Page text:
There is a relationship between a salesperson and a customer. The salesperson has to know what pain points or challenges the customer is facing to determine if their product or service will work for them. Then, salespeople need to effectively position the value of their solution to their customers to build understanding. Here are few ways to sell successfully to your customers.
Do your salespeople sell their product over a potential solution?
Yes, product knowledge is an essential sales skill. Understanding your product or services features allows you to present the benefits accurately and persuasively to your customers. All too often, salespeople are so wrapped up in their products and services, it hinders their connection with a potential customer.
An easy way for salespeople to connect with their customers is by asking questions in their discovery calls. In many cases, the discovery call is the most important step in the sales process. It sets the tone for the entire relationship, both before the sale and after. Either you'll be able to establish an authoritative positive relationship, or you'll be hung up on.
The purpose of the discovery call shouldn't be for you just to sell your product, rather let your prospect know you understand their problem and you may have a solution for them. Good discovery happens when a salesperson uncovers the client’s needs. Great discovery occurs when salespeople introduce conditions that the potential customer might not have thought about and ties those needs to a business impact.
You'll want to qualify your prospect using similar questions, in the order presented below and disqualify them at any point if it becomes clear they're not a good fit.
Questions like these validate your research and help to learn about the customer's situation, identify their goals, and clarify their pain points. They also help you to learn about their problems so you can find a solution. It is also a good idea to find out what you can about the decision-making process, from budget to schedule.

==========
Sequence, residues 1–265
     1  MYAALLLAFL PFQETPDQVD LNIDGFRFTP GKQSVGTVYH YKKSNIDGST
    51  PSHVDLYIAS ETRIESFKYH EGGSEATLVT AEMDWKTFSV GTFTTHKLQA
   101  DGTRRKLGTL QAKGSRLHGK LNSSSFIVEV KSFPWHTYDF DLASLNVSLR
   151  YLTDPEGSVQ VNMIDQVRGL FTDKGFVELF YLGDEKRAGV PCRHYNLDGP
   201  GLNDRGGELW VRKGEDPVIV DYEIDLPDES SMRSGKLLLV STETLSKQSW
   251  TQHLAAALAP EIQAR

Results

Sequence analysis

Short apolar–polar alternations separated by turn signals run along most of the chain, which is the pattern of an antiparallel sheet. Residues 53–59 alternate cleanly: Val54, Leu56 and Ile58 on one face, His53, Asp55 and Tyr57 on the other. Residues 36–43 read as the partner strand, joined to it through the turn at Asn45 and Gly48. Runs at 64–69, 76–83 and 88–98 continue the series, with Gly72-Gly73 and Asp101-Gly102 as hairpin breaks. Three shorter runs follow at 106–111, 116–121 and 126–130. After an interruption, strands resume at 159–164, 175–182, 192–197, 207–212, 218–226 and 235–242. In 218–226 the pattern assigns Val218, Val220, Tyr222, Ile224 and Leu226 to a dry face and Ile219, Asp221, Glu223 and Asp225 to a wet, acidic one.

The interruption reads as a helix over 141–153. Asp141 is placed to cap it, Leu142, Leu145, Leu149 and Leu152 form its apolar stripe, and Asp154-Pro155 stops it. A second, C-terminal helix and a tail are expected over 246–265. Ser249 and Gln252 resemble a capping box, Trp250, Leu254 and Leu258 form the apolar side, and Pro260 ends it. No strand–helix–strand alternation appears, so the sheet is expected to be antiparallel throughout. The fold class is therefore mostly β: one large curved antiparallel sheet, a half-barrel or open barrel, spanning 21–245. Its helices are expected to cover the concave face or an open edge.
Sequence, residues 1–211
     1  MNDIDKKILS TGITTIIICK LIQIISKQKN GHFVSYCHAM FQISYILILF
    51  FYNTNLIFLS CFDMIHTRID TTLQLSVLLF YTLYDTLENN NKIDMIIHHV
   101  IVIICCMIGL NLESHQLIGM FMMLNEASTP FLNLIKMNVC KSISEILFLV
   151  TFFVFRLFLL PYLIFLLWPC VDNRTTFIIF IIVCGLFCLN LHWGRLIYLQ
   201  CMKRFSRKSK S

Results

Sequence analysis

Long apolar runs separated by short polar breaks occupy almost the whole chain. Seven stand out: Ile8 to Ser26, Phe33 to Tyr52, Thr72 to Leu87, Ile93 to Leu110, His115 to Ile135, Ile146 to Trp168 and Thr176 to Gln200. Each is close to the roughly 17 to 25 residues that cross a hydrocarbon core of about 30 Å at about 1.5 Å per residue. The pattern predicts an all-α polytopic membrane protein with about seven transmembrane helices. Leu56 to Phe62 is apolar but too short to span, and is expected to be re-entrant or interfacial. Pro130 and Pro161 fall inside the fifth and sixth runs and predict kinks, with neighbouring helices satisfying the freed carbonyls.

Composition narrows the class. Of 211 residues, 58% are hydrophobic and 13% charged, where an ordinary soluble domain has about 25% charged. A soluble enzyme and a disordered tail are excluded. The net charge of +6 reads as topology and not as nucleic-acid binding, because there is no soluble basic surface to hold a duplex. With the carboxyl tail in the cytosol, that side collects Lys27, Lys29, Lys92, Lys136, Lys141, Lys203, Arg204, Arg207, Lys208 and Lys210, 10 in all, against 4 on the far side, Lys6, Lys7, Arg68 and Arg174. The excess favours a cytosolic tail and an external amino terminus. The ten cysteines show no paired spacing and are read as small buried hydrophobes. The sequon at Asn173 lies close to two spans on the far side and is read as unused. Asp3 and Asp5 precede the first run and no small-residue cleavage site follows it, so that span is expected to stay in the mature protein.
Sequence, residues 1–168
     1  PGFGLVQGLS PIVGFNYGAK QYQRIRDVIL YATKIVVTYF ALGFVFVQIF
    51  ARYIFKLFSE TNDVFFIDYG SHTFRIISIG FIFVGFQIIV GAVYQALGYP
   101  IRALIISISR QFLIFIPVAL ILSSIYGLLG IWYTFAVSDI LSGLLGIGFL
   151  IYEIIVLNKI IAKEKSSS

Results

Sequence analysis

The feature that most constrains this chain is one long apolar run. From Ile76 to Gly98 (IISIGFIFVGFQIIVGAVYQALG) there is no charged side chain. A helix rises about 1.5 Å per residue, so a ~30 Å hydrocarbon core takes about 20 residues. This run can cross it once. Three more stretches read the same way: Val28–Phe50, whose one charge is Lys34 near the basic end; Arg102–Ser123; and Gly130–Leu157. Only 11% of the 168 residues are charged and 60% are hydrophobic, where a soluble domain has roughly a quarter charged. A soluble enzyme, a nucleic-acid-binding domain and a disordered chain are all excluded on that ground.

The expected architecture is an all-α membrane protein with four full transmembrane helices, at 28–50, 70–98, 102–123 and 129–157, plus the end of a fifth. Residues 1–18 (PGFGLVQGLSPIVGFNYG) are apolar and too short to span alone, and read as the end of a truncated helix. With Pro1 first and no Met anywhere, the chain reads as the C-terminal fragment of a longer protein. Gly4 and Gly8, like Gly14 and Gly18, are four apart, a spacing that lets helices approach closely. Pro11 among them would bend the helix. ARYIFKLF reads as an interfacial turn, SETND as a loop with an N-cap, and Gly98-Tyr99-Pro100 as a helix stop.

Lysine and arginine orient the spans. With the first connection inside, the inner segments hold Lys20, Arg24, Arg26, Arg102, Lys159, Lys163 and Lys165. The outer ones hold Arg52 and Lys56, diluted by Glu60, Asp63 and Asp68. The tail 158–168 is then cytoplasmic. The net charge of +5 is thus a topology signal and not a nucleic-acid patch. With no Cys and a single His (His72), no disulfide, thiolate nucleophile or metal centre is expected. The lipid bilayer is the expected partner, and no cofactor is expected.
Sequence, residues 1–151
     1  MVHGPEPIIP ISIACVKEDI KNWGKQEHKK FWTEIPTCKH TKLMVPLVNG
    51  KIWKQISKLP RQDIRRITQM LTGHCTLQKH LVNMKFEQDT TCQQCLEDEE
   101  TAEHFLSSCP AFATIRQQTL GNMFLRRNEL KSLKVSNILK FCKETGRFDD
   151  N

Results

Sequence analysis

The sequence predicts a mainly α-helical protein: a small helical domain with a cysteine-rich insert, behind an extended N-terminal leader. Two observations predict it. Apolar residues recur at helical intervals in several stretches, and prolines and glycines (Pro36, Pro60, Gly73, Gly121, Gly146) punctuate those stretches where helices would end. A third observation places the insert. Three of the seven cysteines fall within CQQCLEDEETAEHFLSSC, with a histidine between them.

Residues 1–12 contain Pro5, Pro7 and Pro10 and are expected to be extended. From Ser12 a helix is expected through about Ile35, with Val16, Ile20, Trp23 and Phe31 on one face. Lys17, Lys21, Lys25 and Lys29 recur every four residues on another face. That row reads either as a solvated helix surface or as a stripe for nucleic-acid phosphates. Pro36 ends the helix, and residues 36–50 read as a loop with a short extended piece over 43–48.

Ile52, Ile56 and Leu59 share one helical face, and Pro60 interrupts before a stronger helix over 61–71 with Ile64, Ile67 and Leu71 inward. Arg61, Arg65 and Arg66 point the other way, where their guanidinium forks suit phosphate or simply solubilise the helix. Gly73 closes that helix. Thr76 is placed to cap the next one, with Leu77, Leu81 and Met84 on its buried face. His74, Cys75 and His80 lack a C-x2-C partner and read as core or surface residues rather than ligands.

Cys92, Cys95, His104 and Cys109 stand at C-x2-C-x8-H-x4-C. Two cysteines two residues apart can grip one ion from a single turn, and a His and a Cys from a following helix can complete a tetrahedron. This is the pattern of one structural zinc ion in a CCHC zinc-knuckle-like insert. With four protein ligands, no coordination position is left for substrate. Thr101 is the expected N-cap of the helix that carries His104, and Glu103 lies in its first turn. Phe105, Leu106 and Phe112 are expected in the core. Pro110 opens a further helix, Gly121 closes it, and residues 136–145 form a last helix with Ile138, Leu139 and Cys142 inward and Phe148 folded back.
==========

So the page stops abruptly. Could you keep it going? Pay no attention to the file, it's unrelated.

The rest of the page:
There are areas a salesperson will want to sell from to make a better connection with their customer. The first area is business wins. A business win is something that improves the business in some way.
Some examples of this will be if your product or service saves the company money, helps the company avoid a big risk, or makes the company more productive. Others could include a competitive advantage to having your product or service, better functionality, their customers get something more, or get them to market faster. These are impacts that will help you sell to the decision-makers.
Even more important than business wins are personal wins. A personal or emotional win is something that impacts you personally.
Some examples of this would be if your product or service makes the customer's job easier, makes them look better, saves them time, offers more personal gain, or makes them more productive. Connecting with your prospect on a personal level is vital to selling.
Marketing Charts states “B2B brands need to consider emotion as well as a reason when marketing to buyers, according to a new study by Google, the Conference Executive Board (CEB), and Motta.” Their research determined perceived personal value to have twice the impact of perceived business value for buyers across a range of business outcomes. The study results show "that among roughly 3,000 B2B buyers surveyed, those who see personal value are more than 3 times as likely to say they would purchase those who do not recognize any personal value (71% vs. 22.6%), and about 8 times more likely to pay a premium for the product or service (68.8% vs. 8.5%)."
As the sales leader, you don't need to know the inner workings of every deal. But, it would be best if you knew how your salespeople qualify leads, what questions they are asking, and how they connect on both the business and personal levels. You may also like to know what is important to your customers and how your salespeople are selling to help in that area.
To sell successfully, you must know your customer's business wins and personal wins and not solely focus on your product or service's features. Your salespeople will want to understand their customers and position how your product or service is a solution to help them.